Macro Factors: What Is Working For Vietnam and What Is Failing? 2

Vietnam: The positives

In terms of macroeconomic fundamentals, Vietnam is quite solidly placed. It is one of the fastest growing economies in the world as displayed by its strong gross domestic product (GDP) growth in the graph below. The country’s economy had grown 6.21% in 2016, and it has been maintaining a 6% pace for several years now.

The government has set a goal of 6.7% growth for this year, and even after a slow start to the year, Prime Minister Nguyen Xuan Phuc has expressed confidence that the country will still be able to achieve it. In an interview with Bloomberg Television, he said that the growth aim, “is difficult but it is possible.”

Meanwhile, the government targets inflation at 4%, and the latest reading for May came in at 3.19% – the slowest pace in nine-months. There is some risk to inflation from the brisk pace of economic growth, but it remains contained for now.

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Further, its exports remain strong, surging by 17.4% in 2017 until May compared to the same period a year ago. Phuc expects agriculture exports to be higher than the $32 billion level last year. Overseas investment remains plentiful as well with foreign direct investment up by 10.4%.

Thus, there’s plenty in the way of optimism when it comes to Vietnam. Ratings major Moody’s Investors Service, which maintains a positive outlook on the country’s B1 rating, recently expressed that it expects foreign investment to continue to flow into the country and help it diversify its economic base.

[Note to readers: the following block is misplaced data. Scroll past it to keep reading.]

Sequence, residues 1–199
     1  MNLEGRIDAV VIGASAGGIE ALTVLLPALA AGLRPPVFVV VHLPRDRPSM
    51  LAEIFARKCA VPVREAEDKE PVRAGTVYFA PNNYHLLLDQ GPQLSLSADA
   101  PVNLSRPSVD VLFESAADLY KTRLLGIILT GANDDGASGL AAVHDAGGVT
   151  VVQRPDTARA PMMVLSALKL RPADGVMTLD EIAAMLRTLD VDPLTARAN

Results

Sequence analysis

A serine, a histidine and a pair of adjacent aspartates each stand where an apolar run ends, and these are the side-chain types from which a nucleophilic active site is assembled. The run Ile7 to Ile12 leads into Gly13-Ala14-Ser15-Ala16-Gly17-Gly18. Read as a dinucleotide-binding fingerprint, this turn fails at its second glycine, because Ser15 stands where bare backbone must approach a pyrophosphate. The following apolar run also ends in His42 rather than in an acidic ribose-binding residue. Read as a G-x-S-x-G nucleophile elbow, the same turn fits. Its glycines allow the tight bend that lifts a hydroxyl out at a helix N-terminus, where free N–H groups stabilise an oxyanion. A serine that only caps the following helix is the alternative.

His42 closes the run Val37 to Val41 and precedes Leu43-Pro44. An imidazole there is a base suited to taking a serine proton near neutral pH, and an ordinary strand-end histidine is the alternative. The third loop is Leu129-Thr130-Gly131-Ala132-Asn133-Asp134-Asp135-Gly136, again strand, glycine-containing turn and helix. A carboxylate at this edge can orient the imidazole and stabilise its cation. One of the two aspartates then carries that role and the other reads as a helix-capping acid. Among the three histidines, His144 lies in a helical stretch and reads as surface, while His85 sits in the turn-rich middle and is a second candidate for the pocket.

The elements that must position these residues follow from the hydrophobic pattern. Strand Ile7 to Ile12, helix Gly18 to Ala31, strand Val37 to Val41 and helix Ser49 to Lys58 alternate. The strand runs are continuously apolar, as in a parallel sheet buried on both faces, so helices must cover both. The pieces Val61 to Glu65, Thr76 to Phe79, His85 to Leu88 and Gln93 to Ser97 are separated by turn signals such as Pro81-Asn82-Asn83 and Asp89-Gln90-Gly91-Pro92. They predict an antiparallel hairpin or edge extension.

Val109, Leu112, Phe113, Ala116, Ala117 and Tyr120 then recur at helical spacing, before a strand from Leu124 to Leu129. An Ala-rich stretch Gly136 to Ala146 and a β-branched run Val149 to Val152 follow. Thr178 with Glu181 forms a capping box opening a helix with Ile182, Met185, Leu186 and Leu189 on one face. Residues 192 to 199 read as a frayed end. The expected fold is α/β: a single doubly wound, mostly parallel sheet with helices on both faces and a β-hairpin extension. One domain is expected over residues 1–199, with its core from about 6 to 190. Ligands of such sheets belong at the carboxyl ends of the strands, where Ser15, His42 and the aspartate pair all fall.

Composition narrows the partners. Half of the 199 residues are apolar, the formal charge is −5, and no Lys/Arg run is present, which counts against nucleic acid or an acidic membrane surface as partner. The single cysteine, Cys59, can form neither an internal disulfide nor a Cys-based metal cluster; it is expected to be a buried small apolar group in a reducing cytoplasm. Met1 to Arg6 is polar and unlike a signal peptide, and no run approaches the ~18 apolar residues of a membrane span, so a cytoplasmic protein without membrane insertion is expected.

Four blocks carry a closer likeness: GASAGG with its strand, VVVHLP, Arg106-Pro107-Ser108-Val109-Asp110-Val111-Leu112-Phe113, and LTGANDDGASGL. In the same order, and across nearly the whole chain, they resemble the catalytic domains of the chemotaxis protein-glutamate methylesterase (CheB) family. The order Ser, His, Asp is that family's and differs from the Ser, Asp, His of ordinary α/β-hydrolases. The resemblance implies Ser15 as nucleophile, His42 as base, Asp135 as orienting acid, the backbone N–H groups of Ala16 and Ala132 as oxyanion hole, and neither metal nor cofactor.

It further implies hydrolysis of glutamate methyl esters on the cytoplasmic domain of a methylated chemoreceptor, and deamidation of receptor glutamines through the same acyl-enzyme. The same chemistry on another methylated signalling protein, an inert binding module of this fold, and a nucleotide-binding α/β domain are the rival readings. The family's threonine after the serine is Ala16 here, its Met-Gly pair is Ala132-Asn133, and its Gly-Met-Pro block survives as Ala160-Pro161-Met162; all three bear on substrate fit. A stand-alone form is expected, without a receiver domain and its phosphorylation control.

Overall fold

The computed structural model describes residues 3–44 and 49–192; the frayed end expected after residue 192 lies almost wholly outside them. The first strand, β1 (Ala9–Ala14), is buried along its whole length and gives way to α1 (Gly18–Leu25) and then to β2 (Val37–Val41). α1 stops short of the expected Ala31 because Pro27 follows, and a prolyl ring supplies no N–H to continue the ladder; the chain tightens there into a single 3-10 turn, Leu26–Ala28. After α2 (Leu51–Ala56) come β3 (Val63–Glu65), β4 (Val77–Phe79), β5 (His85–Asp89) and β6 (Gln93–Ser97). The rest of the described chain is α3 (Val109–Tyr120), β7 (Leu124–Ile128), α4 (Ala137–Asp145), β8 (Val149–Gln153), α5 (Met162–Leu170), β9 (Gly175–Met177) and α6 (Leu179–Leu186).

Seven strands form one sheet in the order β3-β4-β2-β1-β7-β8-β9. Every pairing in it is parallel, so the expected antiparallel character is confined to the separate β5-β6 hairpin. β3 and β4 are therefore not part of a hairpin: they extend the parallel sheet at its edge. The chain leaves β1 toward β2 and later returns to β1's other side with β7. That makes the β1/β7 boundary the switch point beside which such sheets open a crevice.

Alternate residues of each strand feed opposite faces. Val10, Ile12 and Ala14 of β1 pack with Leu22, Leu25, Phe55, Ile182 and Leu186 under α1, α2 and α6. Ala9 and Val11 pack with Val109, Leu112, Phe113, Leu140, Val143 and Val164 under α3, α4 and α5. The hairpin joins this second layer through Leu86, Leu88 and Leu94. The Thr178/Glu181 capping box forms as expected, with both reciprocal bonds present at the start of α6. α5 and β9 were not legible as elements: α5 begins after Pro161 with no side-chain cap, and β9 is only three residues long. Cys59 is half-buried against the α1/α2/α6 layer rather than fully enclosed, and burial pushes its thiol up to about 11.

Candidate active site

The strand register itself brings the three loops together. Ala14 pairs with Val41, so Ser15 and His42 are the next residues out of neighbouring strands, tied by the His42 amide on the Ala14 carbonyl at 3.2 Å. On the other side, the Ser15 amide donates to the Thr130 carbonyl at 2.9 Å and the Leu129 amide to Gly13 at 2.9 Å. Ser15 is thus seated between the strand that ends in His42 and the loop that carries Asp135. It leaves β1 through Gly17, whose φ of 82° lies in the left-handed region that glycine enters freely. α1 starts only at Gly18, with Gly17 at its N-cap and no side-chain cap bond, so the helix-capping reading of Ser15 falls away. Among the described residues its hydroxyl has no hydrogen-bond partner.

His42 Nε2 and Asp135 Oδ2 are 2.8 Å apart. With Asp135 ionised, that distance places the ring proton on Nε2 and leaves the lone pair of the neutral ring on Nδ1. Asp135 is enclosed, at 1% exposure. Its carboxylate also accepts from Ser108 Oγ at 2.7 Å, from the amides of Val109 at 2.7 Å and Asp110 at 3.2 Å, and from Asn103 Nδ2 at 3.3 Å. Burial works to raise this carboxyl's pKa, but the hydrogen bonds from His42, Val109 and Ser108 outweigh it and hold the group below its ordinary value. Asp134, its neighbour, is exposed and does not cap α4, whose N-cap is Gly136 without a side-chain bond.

Vietnam: The negatives

However, some challenges remain for the country. Corruption is the foremost.

With a score of 33 out of 100, Vietnam ranks 113 in 176 countries according to Transparency International’s Corruption Perceptions Index 2016.

In an article written for The Diplomat, James Birkett noted that “In its 2016 annual provincial competitiveness index, a survey of business conditions in the country, the Vietnam Chamber of Commerce and Industry announced that 49 percent of the firms consulted had admitted paying bribes within the last year – with many other companies choosing not to respond to the question.”

The other major challenge, especially from an investment perspective, is its banks.

Moody’s noted this in its report, calling banking “a system still encumbered by poor capital adequacy and legacy non-performing loans.” Poor governance is another major issue surrounding the country’s banks.

One factor that the government is particularly worried about is its trade performance, especially with the US. We’ll look at this aspect more closely in the next article.

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